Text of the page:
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Tuesday, 11 December 2018

Retro Review: Powder Blue (2008)

Power Blue
2008
Cast: Jessica Biel, Forest Whitaker, Patrick Swayze, Ray Liotta, Alejandro Romero, Kris Kristofferson, Sanaa Nathan 
Genre: Drama

Plot: Four Los Angelenos, a mortician, an ex-con, a suicidal ex-priest and a stripper, are brought together on Christmas Eve by a mixture of circumstances 





'Grim and Ambitious As It Tries To Be, Yet Comes Across As Jarring & Desperate'

Originally touted for a theatrical release in the U.S, Powder Blue never got one and was sent straight to DVD, as this B-movie Crash/Magnolia, in reference to the Paul Haggis Oscar-nominated flick, goes for the gritty, realistic feel. Only for director/writer Timothy Linh Bui to botch things up.

Powder Blue centers on the emotionally-wounded characters and the confusing and convoluted trials and tribulations of those involved: a female stripper strips to pay the bills but who is also a drug addict, an ex-con father trying to connect with her, a former priest still coming to terms with his wife's death. An ex-priest struggles to move on after losing his wife in a car crash that sends him on a suicidal downward spiral he wants to commit suicide, not to mention a mortician who bonds with dead people, as he can't get a girlfriend.

Biel gyrates and goes all striptease of Demi Moore; she has never been a consistent performer with a strong onscreen presence and many of her efforts are drab and poor (The A-Team, I Now Pronounce You Chuck & Larry, Total Recall, New Year's Eve to name); here, she tries to be convincing and oh so serious by going down the serial drama path, but sadly due to the poor and turgid writing it ensures that she looked out of place here as the coke-snorting stripper mum, Scarlett trying to make ends meet for her son and personally speaking, this wasn't the right vehicle for her and unlike many other actresses who try their hands at grittier, darker roles, Biel overacts and isn't able to pull it off thoroughly and plus, this will be sadly long remembered as the film where she takes her clothes off, more so than for any other reason. There is an uncomfortable scene where she dances seductively for her, erm, dad played by Goodfellas's Ray Liotta, and she turns him on. One also has to question why Forest Whitaker and Ray Liotta, who were both doing well in the 1980s and 1990s would accept offers to appear in something as low-par and unexceptional as this.

The four main characters are unlikeable, not redeemable for me to take a liking to and lack depth with almost nothing personalities; Whitaker's character's story is tragic and sad but the manner he acts becomes increasingly tedious and irritating. Biel's part could have been easily taken up by another actress.

Friends' Lisa Kudrow as the good-natured waitress Sally in a small cameo role does well, that in all honesty, I'd like to have seen her as one of the major characters in Powder Blue. It made me wished it centred around her Meanwhile, Patrick Swayze who looks like a character from the comedy, Burt Wonderstone with the long, blond hair, bare chest and weird goatee goes all mean and nasty as Scarlett's strip boss, and it was, sort of intriguing. Also of note, his brother, Don is also in this too as one of the bouncers at the club. There is also a White character with corn rolls who speaks with a Jamaican accent, for some odd, unexplained reason. Which I found was weird and Alejandro Romero as a transvestite, Lexus, camps it up.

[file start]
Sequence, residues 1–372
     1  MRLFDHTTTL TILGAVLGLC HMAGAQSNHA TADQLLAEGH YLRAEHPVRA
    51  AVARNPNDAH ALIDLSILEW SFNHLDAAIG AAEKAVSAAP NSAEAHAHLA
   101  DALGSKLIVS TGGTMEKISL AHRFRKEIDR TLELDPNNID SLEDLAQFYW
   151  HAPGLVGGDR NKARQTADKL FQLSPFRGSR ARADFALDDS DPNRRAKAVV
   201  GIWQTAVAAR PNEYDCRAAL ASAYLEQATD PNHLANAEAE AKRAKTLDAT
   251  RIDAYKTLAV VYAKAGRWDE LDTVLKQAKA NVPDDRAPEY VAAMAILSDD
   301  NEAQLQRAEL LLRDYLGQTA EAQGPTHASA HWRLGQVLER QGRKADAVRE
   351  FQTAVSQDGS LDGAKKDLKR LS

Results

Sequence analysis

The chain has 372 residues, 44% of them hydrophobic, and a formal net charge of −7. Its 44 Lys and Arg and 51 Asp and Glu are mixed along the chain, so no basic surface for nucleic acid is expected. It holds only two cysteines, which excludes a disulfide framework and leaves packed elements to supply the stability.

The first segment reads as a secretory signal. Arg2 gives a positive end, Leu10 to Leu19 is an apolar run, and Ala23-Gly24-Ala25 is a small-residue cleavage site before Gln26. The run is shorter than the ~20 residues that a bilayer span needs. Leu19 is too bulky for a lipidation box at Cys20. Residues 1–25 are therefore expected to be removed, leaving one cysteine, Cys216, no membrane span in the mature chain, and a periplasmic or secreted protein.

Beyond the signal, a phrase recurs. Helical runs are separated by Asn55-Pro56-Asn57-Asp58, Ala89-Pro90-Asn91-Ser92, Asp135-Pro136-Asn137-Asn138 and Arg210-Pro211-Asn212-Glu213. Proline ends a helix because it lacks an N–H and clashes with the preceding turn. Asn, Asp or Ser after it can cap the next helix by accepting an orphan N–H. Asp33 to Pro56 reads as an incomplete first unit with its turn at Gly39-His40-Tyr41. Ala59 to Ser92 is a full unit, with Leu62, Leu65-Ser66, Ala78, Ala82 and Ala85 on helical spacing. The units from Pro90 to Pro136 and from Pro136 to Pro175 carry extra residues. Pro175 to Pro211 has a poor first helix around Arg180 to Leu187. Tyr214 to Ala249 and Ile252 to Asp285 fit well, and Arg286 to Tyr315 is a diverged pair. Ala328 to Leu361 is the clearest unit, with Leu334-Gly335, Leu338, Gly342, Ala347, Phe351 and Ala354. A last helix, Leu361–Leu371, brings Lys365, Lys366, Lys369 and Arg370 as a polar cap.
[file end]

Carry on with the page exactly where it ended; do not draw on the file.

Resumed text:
Aside from the much- talked about Jessica Biel scantily clad and topless nude scenes, which during the film's release in 2009, resulted in the humiliating leaked topless photos doing the rounds on the web and social media, and the poor title itself, Powder Blue tries to be dark, gritty, serious to attract adult audiences - only it is pretentious, mostly garbled and it has nothing else going for it, whatsoever. The performances as a whole are nothing to shout about, it felt like as I watched this that the actors who got involved took part, probably because it was different and low-key to anything they have done before.

Though the drama aspect becomes more engaging, Powder Blue's tonality is utterly bleak and not the least bit feel-good. Film-wise, it is a sheer waste of the talents of those involved and the juggling of the characters' subplots and plights is both tone-deaf and doesn't amount to anything worthwhile or fulfilling and they fail to interconnect. Instead of tugging at the heartstrings and trying to make me emphasise with the characters and their fates as it should do, the film just didn't try hard enough to make that emotional connection truly count but instead piles on the grim scenes, one by one.

This is a jarring, desperate and almost hollow film with underdeveloped characters with a tone that teeters on nonsensical - in the sense that the storylines and the way they interconnect are so convoluted they fail to gel together. Timothy Linh Bui manages to ratchet things up, despite the severe lack of substance it has. To think this would be Oscar bait worthy or intended to be up for several awards, I couldn't see it, as there is very, very little of value and recognition here.





Final Verdict

Watching Powder Blue, I felt blue and whereas Crash might have caused a stir at the Oscars and Magnolia toes the same line, I'd take either of them over this.


This, on the other hand, is just a cluttered mess and so conspicuously unsatisfying & desperate, despite the cast's efforts. 



Overall:



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